Determination of the gain for a walking speed amplifying belt using brain activity

Satoshi Miura, Yuki Yokoo, Yasutaka Nakashima, Yoshikazu Ogaya, Misato Nihei, Takeshi Ando, Yo Kobayashi, Masakatsu G. Fujie

Research output: Contribution to journalArticlepeer-review

1 Citation (Scopus)


Movement/walking assistance devices have the great advantage of supporting quality of life for the elderly in an aging society. To strike a balance between efficiency of movement and employment of the elderly user's own body, we developed a smart mobility system called Tread-walk, which is controlled by the user walking on a treadmill and amplifies the user's walking speed. Since the user's walking speed is different from the speed at which the Tread-walk moves, users experience a mismatch between their visual optical flow and somatic sense. In this article, we validate the feasibility of an amplifying gain decision method that analyzes user brain activity. To control Tread-walk, the visual sense is integrated with somatosensation in the parietal area of the brain and controlled in the medial prefrontal cortex. Therefore, first, we measure the parietal area when the participants walk while looking at their virtual optical flow. Second, we measure the medical prefrontal cortex when the participants control Tread-walk 2. These experiments are carried out for a variety of speed amplifying gains. We find that the brain activates significantly at amplification gain K = 1.1-1.7 in the virtual optical flow experiment and K = 1.5-2.0 in the Tread-walk experiment; this brain activation represents the amplification gain at which the visual and somatosensory senses seem to receive similar input. In conclusion, the brain would activate the most significantly at the most appropriate amplification gain.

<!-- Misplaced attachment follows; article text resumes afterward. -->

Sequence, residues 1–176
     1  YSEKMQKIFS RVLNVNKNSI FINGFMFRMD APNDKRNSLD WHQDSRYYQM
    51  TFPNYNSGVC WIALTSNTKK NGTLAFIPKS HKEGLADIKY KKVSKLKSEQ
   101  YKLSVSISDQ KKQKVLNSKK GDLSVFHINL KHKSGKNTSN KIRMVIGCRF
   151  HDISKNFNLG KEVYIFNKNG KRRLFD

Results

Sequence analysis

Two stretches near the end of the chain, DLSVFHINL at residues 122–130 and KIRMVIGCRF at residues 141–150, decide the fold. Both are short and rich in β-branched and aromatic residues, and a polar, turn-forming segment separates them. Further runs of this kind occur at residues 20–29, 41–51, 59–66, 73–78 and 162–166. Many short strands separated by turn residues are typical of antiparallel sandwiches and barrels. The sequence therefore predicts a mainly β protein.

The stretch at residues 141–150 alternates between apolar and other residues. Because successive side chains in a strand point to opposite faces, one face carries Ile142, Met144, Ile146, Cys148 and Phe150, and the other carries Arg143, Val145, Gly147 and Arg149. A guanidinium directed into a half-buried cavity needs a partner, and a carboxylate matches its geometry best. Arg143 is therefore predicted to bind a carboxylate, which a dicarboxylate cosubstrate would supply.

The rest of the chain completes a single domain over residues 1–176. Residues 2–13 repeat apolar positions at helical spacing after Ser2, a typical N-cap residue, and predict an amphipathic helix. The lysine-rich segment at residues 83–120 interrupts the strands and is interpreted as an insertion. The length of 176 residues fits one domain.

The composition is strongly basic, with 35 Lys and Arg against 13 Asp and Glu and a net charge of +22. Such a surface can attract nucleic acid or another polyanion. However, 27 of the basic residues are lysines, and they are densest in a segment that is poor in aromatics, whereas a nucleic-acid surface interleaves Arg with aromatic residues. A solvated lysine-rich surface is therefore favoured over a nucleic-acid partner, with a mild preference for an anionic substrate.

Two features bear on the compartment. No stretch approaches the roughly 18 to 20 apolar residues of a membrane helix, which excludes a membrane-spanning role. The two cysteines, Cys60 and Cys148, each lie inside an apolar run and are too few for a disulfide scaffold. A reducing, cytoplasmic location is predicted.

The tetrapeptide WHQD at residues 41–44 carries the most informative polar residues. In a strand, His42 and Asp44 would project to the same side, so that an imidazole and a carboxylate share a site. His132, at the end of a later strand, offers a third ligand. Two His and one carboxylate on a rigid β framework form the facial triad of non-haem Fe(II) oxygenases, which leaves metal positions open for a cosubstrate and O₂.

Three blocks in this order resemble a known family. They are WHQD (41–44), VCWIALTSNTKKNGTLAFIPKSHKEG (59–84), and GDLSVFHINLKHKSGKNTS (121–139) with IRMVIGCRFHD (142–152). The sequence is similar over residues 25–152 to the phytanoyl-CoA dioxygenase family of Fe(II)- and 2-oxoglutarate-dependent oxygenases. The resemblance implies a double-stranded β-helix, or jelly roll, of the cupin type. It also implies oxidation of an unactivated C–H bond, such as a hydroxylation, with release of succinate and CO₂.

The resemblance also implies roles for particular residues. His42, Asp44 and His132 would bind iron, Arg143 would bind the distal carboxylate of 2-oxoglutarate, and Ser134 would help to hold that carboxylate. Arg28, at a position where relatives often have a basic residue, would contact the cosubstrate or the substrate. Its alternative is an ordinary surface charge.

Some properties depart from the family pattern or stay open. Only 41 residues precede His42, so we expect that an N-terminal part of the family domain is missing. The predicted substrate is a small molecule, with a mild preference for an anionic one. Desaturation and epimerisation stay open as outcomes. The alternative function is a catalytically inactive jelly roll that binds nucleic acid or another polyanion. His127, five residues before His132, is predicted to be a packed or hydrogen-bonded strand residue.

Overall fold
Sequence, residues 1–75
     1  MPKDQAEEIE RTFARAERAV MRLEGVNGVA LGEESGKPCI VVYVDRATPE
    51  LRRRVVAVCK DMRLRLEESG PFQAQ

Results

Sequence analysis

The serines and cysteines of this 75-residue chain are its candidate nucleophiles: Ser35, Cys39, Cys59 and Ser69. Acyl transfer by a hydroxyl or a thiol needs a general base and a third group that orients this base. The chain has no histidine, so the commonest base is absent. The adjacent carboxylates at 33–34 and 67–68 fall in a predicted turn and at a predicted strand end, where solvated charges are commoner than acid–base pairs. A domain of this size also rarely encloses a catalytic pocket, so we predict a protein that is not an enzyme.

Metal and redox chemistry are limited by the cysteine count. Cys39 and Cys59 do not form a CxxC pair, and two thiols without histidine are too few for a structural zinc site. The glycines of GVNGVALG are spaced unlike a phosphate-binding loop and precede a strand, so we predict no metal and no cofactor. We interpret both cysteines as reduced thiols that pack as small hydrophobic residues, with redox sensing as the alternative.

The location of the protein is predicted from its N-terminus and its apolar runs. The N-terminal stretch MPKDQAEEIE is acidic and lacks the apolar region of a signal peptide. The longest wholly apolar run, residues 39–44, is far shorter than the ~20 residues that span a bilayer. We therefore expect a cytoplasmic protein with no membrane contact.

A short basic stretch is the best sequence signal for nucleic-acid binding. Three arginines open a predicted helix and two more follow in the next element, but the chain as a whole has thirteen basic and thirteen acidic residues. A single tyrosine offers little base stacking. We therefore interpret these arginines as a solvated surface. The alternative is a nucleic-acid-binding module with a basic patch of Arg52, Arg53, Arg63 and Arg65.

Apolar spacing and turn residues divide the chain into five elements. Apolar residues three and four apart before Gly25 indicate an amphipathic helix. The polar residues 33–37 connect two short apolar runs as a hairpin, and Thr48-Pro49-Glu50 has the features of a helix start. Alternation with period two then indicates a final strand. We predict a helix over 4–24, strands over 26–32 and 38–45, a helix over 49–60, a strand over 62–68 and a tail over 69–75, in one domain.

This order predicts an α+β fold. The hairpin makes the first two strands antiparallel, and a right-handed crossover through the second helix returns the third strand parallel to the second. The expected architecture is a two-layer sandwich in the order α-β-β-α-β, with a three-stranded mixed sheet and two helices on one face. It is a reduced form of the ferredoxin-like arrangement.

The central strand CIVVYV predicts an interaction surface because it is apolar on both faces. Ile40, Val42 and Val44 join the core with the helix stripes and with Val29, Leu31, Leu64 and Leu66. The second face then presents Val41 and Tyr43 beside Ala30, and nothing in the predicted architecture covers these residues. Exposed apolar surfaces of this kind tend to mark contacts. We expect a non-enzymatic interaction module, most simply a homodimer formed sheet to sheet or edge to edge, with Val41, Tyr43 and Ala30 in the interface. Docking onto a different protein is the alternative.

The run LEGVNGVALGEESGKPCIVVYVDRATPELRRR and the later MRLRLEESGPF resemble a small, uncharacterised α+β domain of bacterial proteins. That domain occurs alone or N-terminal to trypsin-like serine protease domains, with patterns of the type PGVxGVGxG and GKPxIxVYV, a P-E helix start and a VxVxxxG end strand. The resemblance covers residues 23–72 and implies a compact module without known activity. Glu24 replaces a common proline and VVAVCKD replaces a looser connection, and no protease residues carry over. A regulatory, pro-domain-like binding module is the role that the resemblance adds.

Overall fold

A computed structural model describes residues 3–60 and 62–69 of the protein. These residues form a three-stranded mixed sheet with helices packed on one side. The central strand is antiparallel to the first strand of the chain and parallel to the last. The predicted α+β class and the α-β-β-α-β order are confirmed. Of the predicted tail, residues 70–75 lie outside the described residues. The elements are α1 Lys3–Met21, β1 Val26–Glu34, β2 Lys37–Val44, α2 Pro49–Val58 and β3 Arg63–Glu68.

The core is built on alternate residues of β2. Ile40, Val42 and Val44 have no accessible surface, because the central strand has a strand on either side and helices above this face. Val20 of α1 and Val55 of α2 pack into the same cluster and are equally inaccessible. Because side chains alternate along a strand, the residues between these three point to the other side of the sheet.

Original languageEnglish
Article number8961127
Pages (from-to)154-164
Number of pages11
JournalIEEE Transactions on Human-Machine Systems
Issue number2
Publication statusPublished - Apr 2020

All Science Journal Classification (ASJC) codes

  • Human Factors and Ergonomics
  • Control and Systems Engineering
  • Signal Processing
  • Human-Computer Interaction
  • Computer Science Applications
  • Computer Networks and Communications
  • Artificial Intelligence


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